Go to fullsize image  Have any of you seen the little video “The Story of Stuff”?    Go watch…Do it…Just do it…I know you want to… 

I watched this 20 minutes of fun filled information a while back and I have kept thinking about it.  It connects environmental issues with social issues.  It makes you think about the process of creating/using/disposing all of the stuff you use everyday.  Okay, it makes you feel like you are back in high school watching a video in environmental science class but if you are interested in the process of rethinking your consumer choices, you may want to take a look at this.  Plus, there’s nothing great on the magic box in your living room anyway.  If you are not up for watching the video take a gander at the facts taken from the video listed below.

I hope all you breast feeding mothers are as shocked as I was about the fact that the food with the highest contaminant level is a mother’s breast milk.  Of course, that’s going to vary from mother to mother depending on what they eat and where they live.  It just goes to show that everything is connected within the environment.  You contaminate the grass(grain) and water with fertilizer and other chemicals recklessly tossed onto earth’s surface.  The cow eats and drinks both of these now chemically laced items and also succombs to chemical “supplements” to make them super producers.  Every chemical ingested courses through their bodies.  Some of them are expelled.  Others are stored within fat or muscle cells.

The cow is butchered for food or milked for dairy products.  We process these food items with more chemicals to maintain freshness and add flavor to the food that has been already modified by synthetic materials twice over.  Meat and dairy are stored and prepared for ingestion by humans in plastic containers which will not only further contaminate the food but also sit in the growing number of landfills around the world for hundreds of years (unless recycled).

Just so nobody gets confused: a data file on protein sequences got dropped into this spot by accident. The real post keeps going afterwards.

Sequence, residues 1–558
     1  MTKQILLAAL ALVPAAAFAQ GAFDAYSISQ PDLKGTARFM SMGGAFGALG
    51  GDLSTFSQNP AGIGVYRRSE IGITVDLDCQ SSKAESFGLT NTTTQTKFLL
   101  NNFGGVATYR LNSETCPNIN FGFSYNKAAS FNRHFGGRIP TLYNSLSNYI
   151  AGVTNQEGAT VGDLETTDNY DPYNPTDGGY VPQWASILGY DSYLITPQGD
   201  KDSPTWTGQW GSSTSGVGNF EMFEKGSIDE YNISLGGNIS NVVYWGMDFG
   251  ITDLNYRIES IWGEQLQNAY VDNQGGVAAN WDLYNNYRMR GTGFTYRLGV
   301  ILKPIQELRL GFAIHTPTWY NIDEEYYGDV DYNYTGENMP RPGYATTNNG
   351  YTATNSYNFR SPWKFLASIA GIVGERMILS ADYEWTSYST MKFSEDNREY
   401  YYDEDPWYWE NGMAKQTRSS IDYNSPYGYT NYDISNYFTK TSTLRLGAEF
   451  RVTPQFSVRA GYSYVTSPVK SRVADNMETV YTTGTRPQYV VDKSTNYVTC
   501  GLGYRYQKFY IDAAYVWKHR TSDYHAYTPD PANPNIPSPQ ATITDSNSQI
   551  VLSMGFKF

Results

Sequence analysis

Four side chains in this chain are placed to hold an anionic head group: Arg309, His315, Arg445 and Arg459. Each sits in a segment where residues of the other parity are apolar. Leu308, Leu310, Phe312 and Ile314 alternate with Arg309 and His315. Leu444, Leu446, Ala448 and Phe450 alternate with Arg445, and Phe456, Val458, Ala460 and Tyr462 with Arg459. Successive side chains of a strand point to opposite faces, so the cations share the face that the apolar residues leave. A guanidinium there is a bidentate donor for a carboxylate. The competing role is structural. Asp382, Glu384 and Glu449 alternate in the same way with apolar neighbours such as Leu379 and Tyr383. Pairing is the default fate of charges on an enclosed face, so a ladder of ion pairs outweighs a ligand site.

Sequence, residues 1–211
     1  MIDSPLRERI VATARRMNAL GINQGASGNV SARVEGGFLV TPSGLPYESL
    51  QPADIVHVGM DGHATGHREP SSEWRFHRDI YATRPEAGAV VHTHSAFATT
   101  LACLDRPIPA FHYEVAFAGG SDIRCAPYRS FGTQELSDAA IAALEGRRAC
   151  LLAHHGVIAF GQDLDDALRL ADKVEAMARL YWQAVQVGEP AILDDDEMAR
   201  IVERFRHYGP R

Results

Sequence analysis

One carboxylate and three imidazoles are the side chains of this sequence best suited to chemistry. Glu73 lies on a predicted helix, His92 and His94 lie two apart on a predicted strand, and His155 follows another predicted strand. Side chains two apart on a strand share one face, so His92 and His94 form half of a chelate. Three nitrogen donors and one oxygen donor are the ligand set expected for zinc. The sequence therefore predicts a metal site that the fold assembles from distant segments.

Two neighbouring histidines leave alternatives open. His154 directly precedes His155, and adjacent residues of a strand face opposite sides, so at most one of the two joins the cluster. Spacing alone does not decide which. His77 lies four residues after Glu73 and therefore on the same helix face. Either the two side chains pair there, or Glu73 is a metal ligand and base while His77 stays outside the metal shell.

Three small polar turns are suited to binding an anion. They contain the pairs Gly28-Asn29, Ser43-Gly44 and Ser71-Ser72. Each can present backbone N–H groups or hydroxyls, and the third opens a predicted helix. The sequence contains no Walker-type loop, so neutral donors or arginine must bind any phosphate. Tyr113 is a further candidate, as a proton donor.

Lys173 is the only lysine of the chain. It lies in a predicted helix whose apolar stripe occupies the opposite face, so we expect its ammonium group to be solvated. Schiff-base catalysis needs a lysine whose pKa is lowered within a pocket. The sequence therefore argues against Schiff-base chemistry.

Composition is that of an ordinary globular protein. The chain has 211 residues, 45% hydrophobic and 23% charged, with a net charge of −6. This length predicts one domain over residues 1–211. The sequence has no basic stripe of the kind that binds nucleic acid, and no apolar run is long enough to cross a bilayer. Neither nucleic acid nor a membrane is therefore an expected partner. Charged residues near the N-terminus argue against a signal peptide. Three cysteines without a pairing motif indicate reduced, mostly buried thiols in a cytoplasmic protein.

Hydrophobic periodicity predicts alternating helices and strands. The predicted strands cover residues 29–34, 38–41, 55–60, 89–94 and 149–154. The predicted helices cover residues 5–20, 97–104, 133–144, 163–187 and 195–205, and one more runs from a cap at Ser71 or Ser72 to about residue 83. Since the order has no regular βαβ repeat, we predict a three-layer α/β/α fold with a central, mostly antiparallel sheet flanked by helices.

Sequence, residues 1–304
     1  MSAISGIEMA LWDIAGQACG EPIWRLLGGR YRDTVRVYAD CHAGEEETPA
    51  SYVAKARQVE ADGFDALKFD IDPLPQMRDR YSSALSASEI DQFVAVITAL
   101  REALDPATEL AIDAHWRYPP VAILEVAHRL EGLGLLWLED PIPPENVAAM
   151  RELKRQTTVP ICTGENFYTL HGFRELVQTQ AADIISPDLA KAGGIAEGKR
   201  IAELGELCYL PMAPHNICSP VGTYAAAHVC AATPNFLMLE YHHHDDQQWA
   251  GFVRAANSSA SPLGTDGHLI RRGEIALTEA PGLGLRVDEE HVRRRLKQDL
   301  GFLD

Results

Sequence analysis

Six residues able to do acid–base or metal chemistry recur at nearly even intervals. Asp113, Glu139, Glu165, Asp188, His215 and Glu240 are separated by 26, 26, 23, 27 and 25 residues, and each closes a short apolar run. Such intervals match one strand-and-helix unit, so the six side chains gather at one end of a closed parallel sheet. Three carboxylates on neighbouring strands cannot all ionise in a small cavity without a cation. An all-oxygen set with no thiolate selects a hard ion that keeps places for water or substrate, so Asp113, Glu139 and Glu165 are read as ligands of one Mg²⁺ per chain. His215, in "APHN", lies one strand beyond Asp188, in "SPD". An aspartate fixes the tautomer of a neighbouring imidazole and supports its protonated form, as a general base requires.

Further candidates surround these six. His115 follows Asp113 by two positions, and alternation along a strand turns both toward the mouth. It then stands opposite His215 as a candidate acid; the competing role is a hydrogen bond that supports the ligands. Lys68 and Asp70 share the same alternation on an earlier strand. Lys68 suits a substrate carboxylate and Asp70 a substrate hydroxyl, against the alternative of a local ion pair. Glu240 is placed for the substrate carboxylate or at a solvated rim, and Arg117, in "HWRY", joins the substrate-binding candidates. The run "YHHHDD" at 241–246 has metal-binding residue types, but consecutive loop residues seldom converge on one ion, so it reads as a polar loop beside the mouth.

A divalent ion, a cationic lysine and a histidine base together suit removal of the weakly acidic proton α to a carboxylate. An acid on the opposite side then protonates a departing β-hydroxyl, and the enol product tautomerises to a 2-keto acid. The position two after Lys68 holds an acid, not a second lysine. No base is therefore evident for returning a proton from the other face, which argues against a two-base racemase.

Finally, the food is sitting warm on the table.  The mother eats her “health” piece of food.  The chemicals from the grass, the water, the cow, the processing, and the storage container have now entered into her body and are distributed throughout along with the other environmental toxins she meets on a daily basis.  The baby nurses at this mother’s breast and peacefully consumes every chemical that met the grass, that met the water, that entered the cow, that prepared the meat, and mingled with others in the human body.  It’s the process of accumulation through the food chain.  Fascinating, yet totally disturbing.

Please, make a major change for you and your family.  Eliminate one source of toxin that is entering your body.  For example: High Fructose Corn Syroup.  Once you have settled into that routine, tackle another.  Over time, you will have made some drastic reductions in your chemical consumption and llikely a reduction in chronic/fatal disease.

The Story of Stuff: A Brief List

  • 2000 trees a minute are cut down in the Amazon alone. That is 7 football fields a minute!
  • 80% of the world’s forests are gone.
  • The US has less than 4% of its forests left.
  • 40% of our waterways are undrinkable.
  • The US has 5% of the world’s population and 30% of the waste.
  • 75% of global fisheries have been fished beyond capacity.
  • 100,000 synthetic chemicals are used in production today.
  • Bromated Flame Retardants (BFR) neurotoxins (toxins to brain) are in computers, mattresses, pillows
  • Food with highest level of contaminants is mother’s milk.
  • 200,000 people a day are moving to cities from environments that no longer support them.
  • US industry *admits* to 4 billion pounds of toxic pollution released per year (likely far more).
  • Average person consumes twice as much as 50 years ago.
  • We see more ads in one year than people 50 years ago saw in a lifetime. 3,000 ads a day!
  • People in US spend three to four times as much time shopping as Europeans do.
  • Average house size has doubled in the US since the 1970’s.
  • Average American creates 4.5 lbs. garbage a day — an amount doubled from 30 years ago.
  • For every one garbage can you put out at the curb, 70 cans were filled by all the processes
    needed in order to make it.
  • 99% of all those things we buy are not in use after 6 months.
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